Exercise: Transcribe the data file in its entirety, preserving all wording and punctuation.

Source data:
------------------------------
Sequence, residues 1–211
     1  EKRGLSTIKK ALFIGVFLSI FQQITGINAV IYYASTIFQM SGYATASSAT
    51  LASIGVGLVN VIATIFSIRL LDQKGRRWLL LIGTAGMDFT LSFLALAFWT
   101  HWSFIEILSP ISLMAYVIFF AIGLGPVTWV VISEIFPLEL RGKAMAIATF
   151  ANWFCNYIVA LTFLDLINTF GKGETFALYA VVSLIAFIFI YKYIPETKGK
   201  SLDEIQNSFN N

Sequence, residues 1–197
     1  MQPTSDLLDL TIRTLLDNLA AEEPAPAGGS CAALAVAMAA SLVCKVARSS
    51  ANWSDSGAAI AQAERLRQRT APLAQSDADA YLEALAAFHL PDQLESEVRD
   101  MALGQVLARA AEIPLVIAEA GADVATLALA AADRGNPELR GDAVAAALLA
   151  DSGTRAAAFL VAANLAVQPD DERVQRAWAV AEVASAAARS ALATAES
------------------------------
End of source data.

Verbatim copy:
Sequence, residues 1–211
     1  EKRGLSTIKK ALFIGVFLSI FQQITGINAV IYYASTIFQM SGYATASSAT
    51  LASIGVGLVN VIATIFSIRL LDQKGRRWLL LIGTAGMDFT LSFLALAFWT
   101  HWSFIEILSP ISLMAYVIFF AIGLGPVTWV VISEIFPLEL RGKAMAIATF
   151  ANWFCNYIVA LTFLDLINTF GKGETFALYA VVSLIAFIFI YKYIPETKGK
   201  SLDEIQNSFN N

Sequence, residues 1–197
     1  MQPTSDLLDL TIRTLLDNLA AEEPAPAGGS CAALAVAMAA SLVCKVARSS
    51  ANWSDSGAAI AQAERLRQRT APLAQSDADA YLEALAAFHL PDQLESEVRD
   101  MALGQVLARA AEIPLVIAEA GADVATLALA AADRGNPELR GDAVAAALLA
   151  DSGTRAAAFL VAANLAVQPD DERVQRAWAV AEVASAAARS ALATAES